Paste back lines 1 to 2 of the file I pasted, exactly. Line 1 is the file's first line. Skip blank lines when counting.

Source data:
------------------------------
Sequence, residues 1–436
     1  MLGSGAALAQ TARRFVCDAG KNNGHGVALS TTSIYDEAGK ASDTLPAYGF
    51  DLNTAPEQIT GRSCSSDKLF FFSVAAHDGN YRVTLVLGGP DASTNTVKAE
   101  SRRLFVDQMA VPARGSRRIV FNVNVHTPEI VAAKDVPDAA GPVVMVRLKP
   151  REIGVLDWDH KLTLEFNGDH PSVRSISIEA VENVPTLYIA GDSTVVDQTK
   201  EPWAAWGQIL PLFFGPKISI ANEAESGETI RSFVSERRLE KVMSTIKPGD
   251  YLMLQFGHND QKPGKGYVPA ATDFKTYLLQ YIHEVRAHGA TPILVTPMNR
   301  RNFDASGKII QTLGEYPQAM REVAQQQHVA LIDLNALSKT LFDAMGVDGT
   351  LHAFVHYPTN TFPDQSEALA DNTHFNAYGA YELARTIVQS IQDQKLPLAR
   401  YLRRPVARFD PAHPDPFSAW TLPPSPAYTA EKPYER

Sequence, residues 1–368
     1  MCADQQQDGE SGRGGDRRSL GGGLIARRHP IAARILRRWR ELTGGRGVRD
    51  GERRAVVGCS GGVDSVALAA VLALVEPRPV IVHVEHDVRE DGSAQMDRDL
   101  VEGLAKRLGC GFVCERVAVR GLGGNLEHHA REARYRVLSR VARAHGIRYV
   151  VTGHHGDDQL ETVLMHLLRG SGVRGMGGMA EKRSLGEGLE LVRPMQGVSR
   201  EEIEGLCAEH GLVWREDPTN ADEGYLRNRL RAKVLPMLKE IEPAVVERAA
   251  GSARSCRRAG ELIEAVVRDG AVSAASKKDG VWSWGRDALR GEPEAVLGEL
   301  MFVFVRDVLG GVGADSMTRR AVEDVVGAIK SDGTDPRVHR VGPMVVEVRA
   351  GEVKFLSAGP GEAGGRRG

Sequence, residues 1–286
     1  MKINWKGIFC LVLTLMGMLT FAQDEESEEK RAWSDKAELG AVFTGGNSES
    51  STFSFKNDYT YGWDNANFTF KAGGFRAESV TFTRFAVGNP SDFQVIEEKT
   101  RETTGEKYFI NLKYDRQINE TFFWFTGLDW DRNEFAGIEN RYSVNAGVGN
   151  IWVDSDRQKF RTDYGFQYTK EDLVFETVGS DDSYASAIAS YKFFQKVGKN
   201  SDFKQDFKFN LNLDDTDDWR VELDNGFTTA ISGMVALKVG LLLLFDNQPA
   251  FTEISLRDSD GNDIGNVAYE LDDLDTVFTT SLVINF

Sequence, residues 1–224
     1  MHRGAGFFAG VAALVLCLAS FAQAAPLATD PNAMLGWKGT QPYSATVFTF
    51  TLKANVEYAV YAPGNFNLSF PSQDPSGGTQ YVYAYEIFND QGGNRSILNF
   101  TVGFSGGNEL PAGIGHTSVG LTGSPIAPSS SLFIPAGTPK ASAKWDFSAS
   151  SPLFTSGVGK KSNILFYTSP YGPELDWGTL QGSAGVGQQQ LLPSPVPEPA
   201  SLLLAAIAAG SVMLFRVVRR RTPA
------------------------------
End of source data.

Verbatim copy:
Sequence, residues 1–436
     1  MLGSGAALAQ TARRFVCDAG KNNGHGVALS TTSIYDEAGK ASDTLPAYGF